Keynote 2: Prof. Chandy

Prof. K. Mani Chandy, Caltech

“Modeling Complex Socio-Technical Systems on Massively Parallel Computers”

Prof. Mani ChandyThis talk discusses research opportunities for MASCOTS participants due to a confluence of trends in applications, technology and theory. APPLICATIONS: Organizations around the world want to use information technology to support sustainability; for example, the G20 summit in June focused on water, food, energy and health security, and disaster mitigation. Systems that help sustainability are, perforce, socio-technical systems: they are cyber-physical systems that involve people at every stage. TECHNOLOGY: Sensors, tablet and phone computers, Cloud services, and petascale parallel computers are improving rapidly and getting cheaper. The cost-effectiveness of technology enables radically new approaches for critical applications. THEORY: Developments in applications of economics and game theory to information technology systems, machine learning, “big data” architectures, and performance modeling allow novel ways of solving applications that help all elements of society.  This talk suggests that MASCOTS participants are ideally poised to make important research contributions in critical applications that exploit the trends in technology and theory.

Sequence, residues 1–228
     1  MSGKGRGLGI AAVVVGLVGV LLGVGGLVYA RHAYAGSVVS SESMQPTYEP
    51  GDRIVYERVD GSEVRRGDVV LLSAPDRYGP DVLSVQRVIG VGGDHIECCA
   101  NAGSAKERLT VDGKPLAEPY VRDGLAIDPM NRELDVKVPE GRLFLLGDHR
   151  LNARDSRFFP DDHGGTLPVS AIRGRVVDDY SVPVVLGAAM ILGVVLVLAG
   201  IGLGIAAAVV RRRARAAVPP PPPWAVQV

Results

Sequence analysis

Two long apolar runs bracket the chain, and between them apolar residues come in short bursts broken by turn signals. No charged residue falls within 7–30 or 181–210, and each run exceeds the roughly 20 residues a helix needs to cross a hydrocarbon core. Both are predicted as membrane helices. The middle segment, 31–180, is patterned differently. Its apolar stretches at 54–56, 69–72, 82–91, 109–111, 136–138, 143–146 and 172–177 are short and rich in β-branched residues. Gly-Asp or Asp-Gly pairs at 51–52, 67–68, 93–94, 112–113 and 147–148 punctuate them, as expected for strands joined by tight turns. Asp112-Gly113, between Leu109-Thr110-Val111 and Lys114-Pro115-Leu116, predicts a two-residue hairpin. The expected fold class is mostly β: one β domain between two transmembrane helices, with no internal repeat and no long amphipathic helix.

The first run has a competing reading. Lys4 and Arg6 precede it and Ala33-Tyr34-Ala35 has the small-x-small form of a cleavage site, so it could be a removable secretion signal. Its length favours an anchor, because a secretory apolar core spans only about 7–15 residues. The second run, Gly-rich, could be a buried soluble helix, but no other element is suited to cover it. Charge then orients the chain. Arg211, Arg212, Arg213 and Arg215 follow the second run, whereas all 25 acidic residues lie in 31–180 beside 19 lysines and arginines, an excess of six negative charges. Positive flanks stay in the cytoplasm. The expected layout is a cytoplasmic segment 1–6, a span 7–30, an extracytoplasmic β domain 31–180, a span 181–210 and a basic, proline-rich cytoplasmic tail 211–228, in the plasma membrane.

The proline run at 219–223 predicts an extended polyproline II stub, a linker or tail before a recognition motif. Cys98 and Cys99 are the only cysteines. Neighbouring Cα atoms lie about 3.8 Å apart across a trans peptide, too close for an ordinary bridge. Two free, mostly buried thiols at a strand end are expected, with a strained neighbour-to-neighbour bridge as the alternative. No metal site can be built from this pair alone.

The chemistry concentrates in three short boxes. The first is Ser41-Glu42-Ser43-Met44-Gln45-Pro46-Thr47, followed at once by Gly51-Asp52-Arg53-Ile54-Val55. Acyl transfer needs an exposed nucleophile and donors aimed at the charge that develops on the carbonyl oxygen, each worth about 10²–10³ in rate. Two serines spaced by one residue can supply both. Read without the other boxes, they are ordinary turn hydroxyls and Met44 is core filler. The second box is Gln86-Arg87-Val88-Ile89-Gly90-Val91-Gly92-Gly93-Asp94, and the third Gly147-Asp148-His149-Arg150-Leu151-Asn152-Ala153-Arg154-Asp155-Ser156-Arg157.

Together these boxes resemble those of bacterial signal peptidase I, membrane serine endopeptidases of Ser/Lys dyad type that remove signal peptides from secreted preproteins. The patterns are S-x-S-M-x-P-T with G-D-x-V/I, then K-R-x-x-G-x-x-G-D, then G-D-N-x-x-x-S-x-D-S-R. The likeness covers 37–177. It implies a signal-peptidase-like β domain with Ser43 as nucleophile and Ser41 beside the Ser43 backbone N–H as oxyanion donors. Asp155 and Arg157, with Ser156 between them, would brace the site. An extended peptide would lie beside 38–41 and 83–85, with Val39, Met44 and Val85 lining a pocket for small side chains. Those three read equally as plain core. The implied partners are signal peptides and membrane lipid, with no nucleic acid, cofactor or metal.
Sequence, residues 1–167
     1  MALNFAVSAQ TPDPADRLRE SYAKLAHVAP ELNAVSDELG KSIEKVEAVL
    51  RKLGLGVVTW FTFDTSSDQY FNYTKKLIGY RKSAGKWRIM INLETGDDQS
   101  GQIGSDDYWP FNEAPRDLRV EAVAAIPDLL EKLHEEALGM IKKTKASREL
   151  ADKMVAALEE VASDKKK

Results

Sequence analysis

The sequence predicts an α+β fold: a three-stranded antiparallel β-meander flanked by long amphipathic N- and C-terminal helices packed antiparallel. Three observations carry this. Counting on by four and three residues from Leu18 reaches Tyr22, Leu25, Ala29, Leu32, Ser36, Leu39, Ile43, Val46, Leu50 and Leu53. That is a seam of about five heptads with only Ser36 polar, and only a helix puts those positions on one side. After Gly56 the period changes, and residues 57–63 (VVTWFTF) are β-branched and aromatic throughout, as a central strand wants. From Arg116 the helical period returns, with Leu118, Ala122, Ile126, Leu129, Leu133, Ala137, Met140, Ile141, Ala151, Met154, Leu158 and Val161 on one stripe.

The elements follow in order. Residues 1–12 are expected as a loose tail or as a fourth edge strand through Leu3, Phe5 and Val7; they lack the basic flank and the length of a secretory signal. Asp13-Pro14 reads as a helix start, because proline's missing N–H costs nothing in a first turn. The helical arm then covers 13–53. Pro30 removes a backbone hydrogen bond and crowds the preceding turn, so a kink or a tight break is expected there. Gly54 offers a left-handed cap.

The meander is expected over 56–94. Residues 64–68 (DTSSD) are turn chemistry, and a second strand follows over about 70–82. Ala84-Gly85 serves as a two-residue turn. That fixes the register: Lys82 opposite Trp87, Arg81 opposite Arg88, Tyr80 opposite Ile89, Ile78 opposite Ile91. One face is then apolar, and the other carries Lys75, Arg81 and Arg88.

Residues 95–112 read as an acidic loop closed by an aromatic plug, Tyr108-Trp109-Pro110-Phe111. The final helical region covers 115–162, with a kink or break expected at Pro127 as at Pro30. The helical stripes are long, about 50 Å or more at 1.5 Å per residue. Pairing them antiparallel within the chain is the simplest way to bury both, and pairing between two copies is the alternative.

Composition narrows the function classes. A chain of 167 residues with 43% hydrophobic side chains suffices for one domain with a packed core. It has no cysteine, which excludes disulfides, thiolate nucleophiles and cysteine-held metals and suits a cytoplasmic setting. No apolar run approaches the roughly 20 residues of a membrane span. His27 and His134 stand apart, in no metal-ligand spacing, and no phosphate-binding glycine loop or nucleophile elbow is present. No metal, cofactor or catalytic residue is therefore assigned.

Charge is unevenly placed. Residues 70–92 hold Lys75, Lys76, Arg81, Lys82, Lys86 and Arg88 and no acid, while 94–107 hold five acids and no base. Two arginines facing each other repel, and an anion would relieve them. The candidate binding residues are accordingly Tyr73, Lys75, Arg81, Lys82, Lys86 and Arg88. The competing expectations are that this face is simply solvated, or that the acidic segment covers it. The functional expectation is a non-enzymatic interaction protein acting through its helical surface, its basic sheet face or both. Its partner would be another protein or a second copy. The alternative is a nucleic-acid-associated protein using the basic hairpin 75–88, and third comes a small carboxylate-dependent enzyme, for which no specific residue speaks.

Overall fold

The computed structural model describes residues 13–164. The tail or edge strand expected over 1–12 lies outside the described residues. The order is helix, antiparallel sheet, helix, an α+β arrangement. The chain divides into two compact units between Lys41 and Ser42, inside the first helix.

K. Mani Chandy is the Simon Ramo Professor and Deputy Chair of the Division of Engineering and Applied Sciences at the California Institute of Technology in Pasadena, California. His Bachelors is from the Indian Institute of Technology, Madras and PhD from the Massachusetts Institute of Technology in Electrical Engineering. He was a professor at the University of Texas at Austin from 1970 to 1987, and has been at Caltech since then. He is a member of the U.S. National Academy of Engineering and has received several awards including teaching awards. He has worked on performance models of computing systems, parallel event-driven simulation, distributed algorithms, formal methods for reasoning about concurrent systems, parallel computing, and systems for sensing and responding to earthquakes and hazardous radiation.